Early neural networks lacked a hidden layer. As a result, they were able to solve only linear problems. For example, suppose you needed a neural network to distinguish cats from dogs. A neural network without a hidden layer could perform this task. It could create a linear model like the one shown below and classify all input that characterizes a cat on one side of the line and all input that characterizes a dog on the other.

Linear Problem

However, if you had a more complex problem, such as distinguishing different breeds of dogs, this linear neural network would fail the test. You would need several layers to examine the various characteristics of each breed.

What Goes on in the Hidden Layers?

Suppose you have a neural network that can identify a dog's breed simply by "looking" at a picture of a dog. A neural network capable of learning to perform this task could be structured in many different ways, but consider the following (admittedly oversimplified) example of a neural network with several layers, each containing 20 neurons (or nodes).

When you feed a picture of a dog into this fictional neural network, the input layer creates a map of the pixels that comprise the image, recording their positions and grayscale values (zero for black, one for white, and between zero and one for different shades of gray). It then passes this map along to the 20 neurons that comprise the first hidden layer.

The 20 neurons in the first hidden layer look for patterns in the map that identify certain features. One neuron may identify the size of the dog; another, its overall shape; another, its eyes; another, its ears; another, its tail; and so forth. The first hidden layer then passes its results along to the 20 neurons in the second hidden layer.

The neurons in the second hidden layer are responsible for associating the patterns found in the first layer with features of the different breeds. The neurons in this layer may assign a percentage to reflect the probability that a certain feature in the image corresponds to different breeds. For example, based solely on the ears in the image, the breed is 20% likely to be a Doberman, 30% likely to be a poodle, and 50% likely to be a Labrador retriever. The second hidden layer passes its results along to the third hidden layer.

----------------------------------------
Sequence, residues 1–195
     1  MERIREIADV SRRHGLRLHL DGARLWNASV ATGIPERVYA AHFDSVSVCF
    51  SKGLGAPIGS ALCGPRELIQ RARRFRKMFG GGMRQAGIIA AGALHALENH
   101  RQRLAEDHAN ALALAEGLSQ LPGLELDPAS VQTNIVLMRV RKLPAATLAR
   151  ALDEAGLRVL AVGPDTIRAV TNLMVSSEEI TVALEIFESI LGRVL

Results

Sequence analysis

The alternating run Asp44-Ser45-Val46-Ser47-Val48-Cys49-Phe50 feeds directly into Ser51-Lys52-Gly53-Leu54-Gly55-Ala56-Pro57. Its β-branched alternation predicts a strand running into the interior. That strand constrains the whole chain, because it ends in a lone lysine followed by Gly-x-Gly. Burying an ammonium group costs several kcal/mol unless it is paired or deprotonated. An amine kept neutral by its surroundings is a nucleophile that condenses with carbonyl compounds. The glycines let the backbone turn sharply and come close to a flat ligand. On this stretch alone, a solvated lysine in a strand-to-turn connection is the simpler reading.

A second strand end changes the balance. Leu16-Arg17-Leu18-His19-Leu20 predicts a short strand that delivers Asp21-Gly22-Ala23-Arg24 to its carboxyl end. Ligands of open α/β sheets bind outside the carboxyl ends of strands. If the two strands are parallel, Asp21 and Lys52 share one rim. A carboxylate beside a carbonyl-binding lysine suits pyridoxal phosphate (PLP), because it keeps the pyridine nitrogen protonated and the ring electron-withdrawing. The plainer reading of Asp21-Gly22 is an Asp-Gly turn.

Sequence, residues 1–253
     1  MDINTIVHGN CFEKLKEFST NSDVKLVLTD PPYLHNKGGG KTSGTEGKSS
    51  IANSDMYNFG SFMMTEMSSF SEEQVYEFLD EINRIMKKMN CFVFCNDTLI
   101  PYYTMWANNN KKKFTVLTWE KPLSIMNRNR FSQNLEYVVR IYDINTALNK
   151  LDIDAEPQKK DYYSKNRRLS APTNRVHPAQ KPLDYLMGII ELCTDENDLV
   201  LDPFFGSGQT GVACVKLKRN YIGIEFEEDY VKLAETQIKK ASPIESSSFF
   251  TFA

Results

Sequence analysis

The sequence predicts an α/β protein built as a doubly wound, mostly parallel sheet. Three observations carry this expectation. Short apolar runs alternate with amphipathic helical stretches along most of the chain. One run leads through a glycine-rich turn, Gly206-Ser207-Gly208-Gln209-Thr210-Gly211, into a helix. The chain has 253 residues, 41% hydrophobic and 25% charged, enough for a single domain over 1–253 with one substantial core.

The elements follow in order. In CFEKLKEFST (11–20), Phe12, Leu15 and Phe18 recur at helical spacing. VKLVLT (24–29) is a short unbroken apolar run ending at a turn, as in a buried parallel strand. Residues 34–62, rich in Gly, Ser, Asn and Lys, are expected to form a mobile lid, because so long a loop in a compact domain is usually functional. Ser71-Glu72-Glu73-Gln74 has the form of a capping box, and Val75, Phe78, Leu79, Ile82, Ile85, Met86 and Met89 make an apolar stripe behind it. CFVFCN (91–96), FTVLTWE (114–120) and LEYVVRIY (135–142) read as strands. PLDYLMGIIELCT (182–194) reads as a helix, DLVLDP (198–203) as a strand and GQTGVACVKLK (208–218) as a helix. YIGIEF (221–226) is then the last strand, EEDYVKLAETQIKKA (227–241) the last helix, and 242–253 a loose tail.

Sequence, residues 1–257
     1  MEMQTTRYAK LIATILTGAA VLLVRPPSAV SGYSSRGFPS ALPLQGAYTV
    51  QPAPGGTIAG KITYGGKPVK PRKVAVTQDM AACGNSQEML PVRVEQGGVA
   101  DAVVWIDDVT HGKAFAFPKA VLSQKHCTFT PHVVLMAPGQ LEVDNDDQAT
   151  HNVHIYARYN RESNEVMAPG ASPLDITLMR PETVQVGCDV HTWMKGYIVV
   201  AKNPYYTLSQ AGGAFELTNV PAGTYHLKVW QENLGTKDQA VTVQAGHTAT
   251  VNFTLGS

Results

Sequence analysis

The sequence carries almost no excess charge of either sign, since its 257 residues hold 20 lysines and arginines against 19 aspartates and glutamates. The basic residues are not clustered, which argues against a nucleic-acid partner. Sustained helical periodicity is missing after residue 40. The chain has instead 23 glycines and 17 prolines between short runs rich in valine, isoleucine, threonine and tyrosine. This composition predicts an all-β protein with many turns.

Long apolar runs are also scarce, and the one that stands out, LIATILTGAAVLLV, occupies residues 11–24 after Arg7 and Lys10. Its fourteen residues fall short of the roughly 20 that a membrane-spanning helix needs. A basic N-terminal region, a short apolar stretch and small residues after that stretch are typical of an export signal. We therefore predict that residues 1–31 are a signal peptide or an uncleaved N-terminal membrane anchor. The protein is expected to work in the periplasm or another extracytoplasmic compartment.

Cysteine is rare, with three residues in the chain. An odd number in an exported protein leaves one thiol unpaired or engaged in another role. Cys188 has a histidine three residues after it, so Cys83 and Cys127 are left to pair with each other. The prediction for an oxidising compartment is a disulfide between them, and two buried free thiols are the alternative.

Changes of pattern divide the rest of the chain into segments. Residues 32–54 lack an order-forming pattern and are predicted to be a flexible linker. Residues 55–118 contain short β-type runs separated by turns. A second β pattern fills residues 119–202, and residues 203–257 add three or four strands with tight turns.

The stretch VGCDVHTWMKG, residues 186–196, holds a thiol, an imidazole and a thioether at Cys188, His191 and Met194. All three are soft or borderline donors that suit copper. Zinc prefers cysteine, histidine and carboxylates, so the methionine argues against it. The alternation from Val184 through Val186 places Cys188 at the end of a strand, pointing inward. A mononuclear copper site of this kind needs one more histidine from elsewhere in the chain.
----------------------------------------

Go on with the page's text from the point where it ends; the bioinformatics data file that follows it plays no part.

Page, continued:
The neurons in the third hidden layer compile and analyze the results from the second hidden layer and, based on the collective probabilities of the dog being a certain breed, determine what that breed is most likely to be. This final determination is then delivered to the output layer, which presents the neural network's determination.

The Well-Connected Neurons

While the example I presented focuses on the layers of the neural network and the neurons (nodes) that comprise those layers, the connections between the neurons play a very important role in how the neural network learns and performs its task.

Every neuron in one layer is connected to every neuron in its neighboring layer. In the example I presented, that's 400 connections between each layer. The strength of each connection can be dialed up or down to change the relative importance of input from one neuron to another. For example, each neuron in the first hidden layer can dial up or down its connection with each neuron in the input layer to determine what it needs to focus on in the image, just as you might focus on different parts of an image.

When the neural network is being trained with a set of test data, it is given the answers — it is shown a picture of each breed and labeled with the name of the breed. During this training session, the neural network makes adjustments within the nodes and between the nodes (the connections). As the neural network is fed more and more images of dogs, it fine-tunes its connections and makes other adjustments to improve its accuracy over time.

Again, this example is oversimplified, but it gives you a general idea of how artificial neural networks operate. The key points to keep in mind are that artificial neural networks contain far more connections than they contain neurons, and that they learn by making adjustments within and between neurons.